Cycnodes Wine Delight

Cycnodes Wine Delight

The Cycnodes Wine Delight is another orchid that gives off a pleasant fragrance. Before venturing into the specifics of this orchid, it is important to know that it was awarded a First Class Certificate (FCC) by the American Orchid Society (AOS) at its first showing.

The FCC is the highest award that can be issued by the AOS and typically entails that an orchid species or hybrid raked in a score of at least 90 points on a 100 points scale. The FCC award also means that the Cycnodes Wine Delight excels in vigor, color and makes a good parent for other hybrids.

Being a hybrid, the Cycnodes Wine Delight is the result of a cross between a Cycnoches Lehmannii and a Mormodes Sinuata. It comprises of about 6-7 bulbous stems which may be said to be in the shape of carrots and grow tightly together. They produce spikes and have medium green leaves.

The Cycnodes Wine Delight derives its name from the color of the flower it produces. Its flowers are usually burgundy/wine/red and could be described as waxy. An advantage to the Cycnodes Wine Delight is that it can bloom all year round.

As to its fragrance, the Cycnodes Wine Delight is said to give off a scent akin to the smell of cherries. The smell can also be described as spicy or minty for some persons. What is certain though, is that there is no halfway ground when it comes to liking the smell of the Cycnodes Wine Delight. You either do or you don’t.

The Cycnodes Wine Delight can be easily sourced as it is available on most online florist stores. It is easy to care for and will do well in moderately warm temperatures, bright light and above average humidity. In Winter, it requires little or no water.

Brassavola Nodosa 

Brassavola Nodosa 

With Lady of the Night as its moniker, Brassavola Nodosa certainly has a sensuous ring to it. The Brassavola Nodosa is another orchid prominent for the fragrance it emits. The fragrance is quite peculiar as the plant gives it off only at night or after dark. The nocturnal fragrance of the Brassavola Nodosa has been likened to the smell of citrus and its fragrance is quite strong.

This feature is an adaptive quality of the plant to aid it in attracting nocturnal insects that can facilitate pollination. As such, only folks who enjoy being nocturnal will enjoy the scent it emits to the maximum. If you end up owning this plant, you just might have to contemplate trading off sleep on a nightly basis.

Naturally, the Brassavola Nodosa is found growing in clumps on the barks of trees or the lower sides of rocks in parts of Mexico, Venezuela, Peru, and the Carribean. The Brassavola nodosa typically has slender pseudobulbs.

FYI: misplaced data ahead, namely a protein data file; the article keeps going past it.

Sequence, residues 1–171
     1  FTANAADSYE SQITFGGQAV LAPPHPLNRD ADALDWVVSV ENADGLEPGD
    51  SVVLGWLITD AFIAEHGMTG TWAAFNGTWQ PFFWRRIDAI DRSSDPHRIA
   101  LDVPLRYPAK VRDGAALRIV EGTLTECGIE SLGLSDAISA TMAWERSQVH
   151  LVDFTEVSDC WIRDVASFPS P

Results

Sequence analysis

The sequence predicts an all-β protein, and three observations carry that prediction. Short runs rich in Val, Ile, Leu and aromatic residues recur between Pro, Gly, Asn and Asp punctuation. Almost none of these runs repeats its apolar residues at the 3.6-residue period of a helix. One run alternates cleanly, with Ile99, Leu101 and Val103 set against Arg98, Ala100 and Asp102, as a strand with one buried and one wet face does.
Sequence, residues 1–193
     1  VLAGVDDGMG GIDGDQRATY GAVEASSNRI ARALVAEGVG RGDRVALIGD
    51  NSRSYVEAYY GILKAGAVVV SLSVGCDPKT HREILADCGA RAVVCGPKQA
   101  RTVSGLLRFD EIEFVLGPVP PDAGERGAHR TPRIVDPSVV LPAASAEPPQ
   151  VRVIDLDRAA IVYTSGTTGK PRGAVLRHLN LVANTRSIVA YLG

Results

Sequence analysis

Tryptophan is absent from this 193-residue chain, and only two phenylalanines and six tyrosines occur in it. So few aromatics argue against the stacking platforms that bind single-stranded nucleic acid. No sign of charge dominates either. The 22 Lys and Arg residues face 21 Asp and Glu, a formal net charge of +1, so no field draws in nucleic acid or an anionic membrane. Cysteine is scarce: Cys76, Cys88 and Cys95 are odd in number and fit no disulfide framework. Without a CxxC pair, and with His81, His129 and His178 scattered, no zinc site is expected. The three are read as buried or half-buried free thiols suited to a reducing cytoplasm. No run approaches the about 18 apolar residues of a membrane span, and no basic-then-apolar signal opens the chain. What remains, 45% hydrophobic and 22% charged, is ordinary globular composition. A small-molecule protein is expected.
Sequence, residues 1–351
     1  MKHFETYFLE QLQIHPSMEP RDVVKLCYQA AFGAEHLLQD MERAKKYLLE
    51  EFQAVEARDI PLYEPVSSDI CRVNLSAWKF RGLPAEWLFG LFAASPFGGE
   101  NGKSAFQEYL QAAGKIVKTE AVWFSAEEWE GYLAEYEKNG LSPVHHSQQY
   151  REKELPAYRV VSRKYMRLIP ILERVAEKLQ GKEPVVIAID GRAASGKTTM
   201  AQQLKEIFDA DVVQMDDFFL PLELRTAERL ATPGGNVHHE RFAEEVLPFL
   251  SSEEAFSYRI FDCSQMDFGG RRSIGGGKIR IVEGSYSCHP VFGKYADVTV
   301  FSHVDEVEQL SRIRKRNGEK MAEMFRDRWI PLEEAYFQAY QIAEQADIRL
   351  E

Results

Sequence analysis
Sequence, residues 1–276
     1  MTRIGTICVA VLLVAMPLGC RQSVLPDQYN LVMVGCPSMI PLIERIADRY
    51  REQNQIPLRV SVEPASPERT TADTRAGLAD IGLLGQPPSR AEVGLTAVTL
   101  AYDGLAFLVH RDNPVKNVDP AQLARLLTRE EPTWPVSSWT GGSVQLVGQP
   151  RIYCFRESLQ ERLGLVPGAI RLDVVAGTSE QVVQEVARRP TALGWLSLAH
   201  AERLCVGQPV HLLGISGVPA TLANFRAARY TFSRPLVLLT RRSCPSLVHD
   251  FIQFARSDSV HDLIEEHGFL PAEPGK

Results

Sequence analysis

The flowers produced by this plant could range from ivory to pale green in color and up to 4 inches across in size. The Brassavola nodosa flowers quite frequently and some might say excessively. As a matter of fact, the Brassavola nodosa can bloom all year round.

The key attraction of the Brassavola nodosa, besides its citrusy fragrance, is the ease with which it can be grown. The Brassavola nodosa will do well with minimal attention provided the light, temperature, humidity and watering conditions are perfect. Typically, the Brassavola nodosa will thrive in intermediate to warm temperatures with strong direct light access and less water than other orchids might require.



The Zygopetalum is one of the genera of Orchids. They are native to South America, particularly humid forests with varying but less than high elevations in Brazil. The Zygopetalum owes its name to the Latin word for because of the yoke-like growth on the bottom of its lip which distinguishes it from other Orchids.

The Zygopetalum has a number of recognized species including the Zygopetalum brachypetalum, Zygopetalum ghillanyi, Zygopetalum maxillare and a host of others. 

Zygopetalums posess deciduos bulbous stems which are ovoid-conically shaped. They produce light green lily-like leaves that can grow as tall as 60cm. Its flowers typically grow in clusters above the leaves and can range in color from shades of green to purple with patterns on them.

The flowers of the Zygopetalum when in bloom produce a very heady fragrance that certainly fills any room in which it is placed.

In growing the Zygopetalum, it should be noted that they fare better in cool to intermediate temperatures. They also require high but indirect light intensity. They should not be placed in direct contact with sunlight as that might result in the leaves drying up and subsequent failure to bloom.

The Zygopetalum is also a fan of moderate humidity and should be watered frequently, especially in the warmer months of the year.

Rhynchostylis gigantea

Rhynchostylis gigantea

The Rhynchostylis gigantea is an exotic Orchid species native to various parts of Southeast Asia particularly Myanmar, Laos, Cambodia, Vietnam, Thailand, and Borneo. The Rhynchostylis gigantea is culturally symbolic as it serves as the state flower of Assam in India.